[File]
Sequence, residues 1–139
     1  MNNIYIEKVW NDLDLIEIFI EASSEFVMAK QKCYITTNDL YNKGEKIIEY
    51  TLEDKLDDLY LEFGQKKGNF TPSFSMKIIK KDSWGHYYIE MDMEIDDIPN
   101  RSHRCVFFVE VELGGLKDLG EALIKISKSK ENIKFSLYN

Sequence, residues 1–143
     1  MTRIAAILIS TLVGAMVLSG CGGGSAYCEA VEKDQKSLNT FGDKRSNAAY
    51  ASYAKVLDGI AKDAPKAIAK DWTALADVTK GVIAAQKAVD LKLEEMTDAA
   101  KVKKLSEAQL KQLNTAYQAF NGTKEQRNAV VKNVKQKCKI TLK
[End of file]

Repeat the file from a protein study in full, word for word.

Sequence, residues 1–139
     1  MNNIYIEKVW NDLDLIEIFI EASSEFVMAK QKCYITTNDL YNKGEKIIEY
    51  TLEDKLDDLY LEFGQKKGNF TPSFSMKIIK KDSWGHYYIE MDMEIDDIPN
   101  RSHRCVFFVE VELGGLKDLG EALIKISKSK ENIKFSLYN

Sequence, residues 1–143
     1  MTRIAAILIS TLVGAMVLSG CGGGSAYCEA VEKDQKSLNT FGDKRSNAAY
    51  ASYAKVLDGI AKDAPKAIAK DWTALADVTK GVIAAQKAVD LKLEEMTDAA
   101  KVKKLSEAQL KQLNTAYQAF NGTKEQRNAV VKNVKQKCKI TLK